Northern Coast, Malta Attractions

In the north of Malta, the most thinly populated part of the island, the density is only 746 to the sq. mi/288 to the sq. km, a figure comparable with that for Gaza and Camino (808 to the sq. mi or 312 to the sq. km).
The northern coast is a great tourist center, but it also has historical and religious significance. It was here that St Paul and St Luke were shipwrecked in A.D. 60, at St Paul's Bay.

Zebbieh - Skorba Temples

The ancient temples in Zebbieh date to the pre-Copper Age. Together with Ggantija, they are believed to be the oldest free-standing structures in the world.
Archeologist David Trump during his excavations uncovered the complex 30 years ago. Evidence in the shape of a wall told of a prehistoric village on the site. Further evidence of human habitation, livestock and crops were found and carbon-dated back to the earliest prehistoric phase, the Ghar Dalam.
In the middle of the site are the flattened stones of a three-apse temple from the Ggantija period. The floors made of torb (a crushed compound of limestone and water still in use today) can be seen, as can the eroded megalith, which is approximately three-and-a-half meters tall.
Red Skorba and Grey Skorba are the names given to Neolithic periods and corresponding pottery, fragments of which are on display in the Museum of Archeology.


Wardija is the limestone ridge nearest to the Great Fault. It rises to 143 meters (2 meters lower than the highest ridge of Mellieha). The Wardija ridge spans from Ghajn Tuffieha to St Paul's Bay and is the residential preserve of the upper-class Maltese. It is sparsely populated and a good place to walk around. The scenery is panoramic, especially from the old English gun emplacements overlooking St Paul's Bay.

Great Fault

The most serious fault in the area is the Great Fault, which almost bisects the island and runs from Fomm ir-Rih in the west until it peters out in Bahar ic-Cagharq, 15 kilometers away on the east coast. Its near-vertical face - 239 meters at its highest, means the valleys and settlements below and to the north have always been indefensible and expendable.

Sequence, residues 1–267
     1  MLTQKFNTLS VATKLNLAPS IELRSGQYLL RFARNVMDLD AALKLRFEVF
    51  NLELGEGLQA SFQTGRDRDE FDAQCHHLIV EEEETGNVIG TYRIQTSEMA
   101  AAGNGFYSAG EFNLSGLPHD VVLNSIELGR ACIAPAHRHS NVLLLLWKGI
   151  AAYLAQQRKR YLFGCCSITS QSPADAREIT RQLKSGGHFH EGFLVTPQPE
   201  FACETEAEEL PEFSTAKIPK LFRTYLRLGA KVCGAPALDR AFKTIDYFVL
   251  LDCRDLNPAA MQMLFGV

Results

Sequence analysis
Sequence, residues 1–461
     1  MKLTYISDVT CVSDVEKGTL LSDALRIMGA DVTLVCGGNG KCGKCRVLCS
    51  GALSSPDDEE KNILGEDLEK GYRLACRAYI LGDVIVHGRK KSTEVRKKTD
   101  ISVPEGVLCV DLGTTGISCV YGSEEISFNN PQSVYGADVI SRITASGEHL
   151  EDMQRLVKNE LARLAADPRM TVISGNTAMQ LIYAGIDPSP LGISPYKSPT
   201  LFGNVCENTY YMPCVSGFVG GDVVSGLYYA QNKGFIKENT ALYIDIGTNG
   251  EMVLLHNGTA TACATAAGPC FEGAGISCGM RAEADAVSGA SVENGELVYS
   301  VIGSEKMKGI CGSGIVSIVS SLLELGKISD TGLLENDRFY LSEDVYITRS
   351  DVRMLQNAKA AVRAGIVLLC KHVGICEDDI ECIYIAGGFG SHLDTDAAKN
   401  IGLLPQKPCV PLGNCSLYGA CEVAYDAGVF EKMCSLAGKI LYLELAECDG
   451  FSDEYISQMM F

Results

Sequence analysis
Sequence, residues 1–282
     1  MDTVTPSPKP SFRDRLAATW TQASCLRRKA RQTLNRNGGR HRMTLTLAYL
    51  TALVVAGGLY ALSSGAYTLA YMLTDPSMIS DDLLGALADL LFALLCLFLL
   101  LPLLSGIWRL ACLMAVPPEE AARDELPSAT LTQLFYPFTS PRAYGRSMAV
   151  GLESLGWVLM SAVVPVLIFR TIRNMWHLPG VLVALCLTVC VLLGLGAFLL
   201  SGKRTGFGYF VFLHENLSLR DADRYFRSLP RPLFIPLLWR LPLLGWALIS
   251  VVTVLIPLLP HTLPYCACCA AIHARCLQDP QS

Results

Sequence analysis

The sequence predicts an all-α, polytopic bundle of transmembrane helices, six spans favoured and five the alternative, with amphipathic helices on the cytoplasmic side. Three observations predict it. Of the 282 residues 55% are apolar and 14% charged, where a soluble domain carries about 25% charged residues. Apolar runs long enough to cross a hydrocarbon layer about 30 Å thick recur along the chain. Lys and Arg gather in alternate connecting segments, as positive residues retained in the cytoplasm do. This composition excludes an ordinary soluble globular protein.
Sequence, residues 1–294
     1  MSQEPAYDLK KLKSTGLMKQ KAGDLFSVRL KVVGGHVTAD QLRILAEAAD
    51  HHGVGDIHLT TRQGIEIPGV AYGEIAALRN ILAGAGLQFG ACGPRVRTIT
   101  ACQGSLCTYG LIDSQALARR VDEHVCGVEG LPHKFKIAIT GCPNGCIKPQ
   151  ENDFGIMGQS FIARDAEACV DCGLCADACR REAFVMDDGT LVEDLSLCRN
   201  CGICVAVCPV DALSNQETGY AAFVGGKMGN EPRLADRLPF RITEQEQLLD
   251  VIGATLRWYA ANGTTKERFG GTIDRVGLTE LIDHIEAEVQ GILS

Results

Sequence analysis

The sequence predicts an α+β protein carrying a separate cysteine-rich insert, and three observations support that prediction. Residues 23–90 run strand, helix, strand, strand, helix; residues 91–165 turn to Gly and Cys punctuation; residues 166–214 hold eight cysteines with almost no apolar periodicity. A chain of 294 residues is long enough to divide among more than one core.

Golden Bay

A headland separates the two popular sandy beaches of Ghajn Tuffieha (the Spring of the apples) and Rampla tal-Mizquqa, otherwise known as Golden Bay.
Both beaches lie at the northwestern end of the Pwales Valley, six kilometers from St Paul's Bay and in between the Wardija and Bajda ridges.

Victoria Lines

During the 1870s the defenses along the Great fault were reinforced and in 1897 these were officially called the Victoria Lines, in honor of the monarch's Diamond Jubilee.
What remains of the Victoria Lines can best be appreciated on foot, especially at the western end of Bingemma Gap.

Anchor Bay

This was the prettiest and smallest bay in Malta until 1979 when the director Robert Altman re-created Sweethaven here for "Popeye The Movie." Inevitably the strain of movie-making had an unpleasant impact on the natural environment of the area.

St Paul's Bay, Malta

Fomm ir-Rih

Fomm ir-Rih is an inaccessible bay, one of the most beautiful and the last remaining undeveloped bay in Malta. There is good snorkeling and diving, as well as beautiful cliffs and valleys.
The only approach to the gravelly shore, other than by boat, is by a very tricky footpath cut into the rockface.

Ras ir-Raheb

Ras ir-Raheb marks the southeastern tip of the exposed bay of Fomm ir-Rih. There are very few inhabitants in the triangle of land north of Dingli and south of Rabat. This is rural Malta, where you can see old ladies sitting under the shade of a tree, watching their goats.

Mellieha, Malta

Mgarr, Malta



Marfa is a seven-kilometer stretch of hard coralline limestone and marquis. Permanently uninhabited, it has mainly been used as a signaling outpost.

Ste Agatha's Tower (Red Tower)

This tower commands the high ground on Marfa Ridge. The huge, forbidding and faded terra-cotta-colored fort was built in 1649. The tower's size and position gave it a dual role; not only as a defense but also as a signaling link between the towers on Gozo and St Mary's on Comino, which ultimately led to Valletta.

Salina Bay

This sliver of bay is an undeveloped section of the northern coast, separating Salina from the coast that begins in Qawra and ends in Xemxija.

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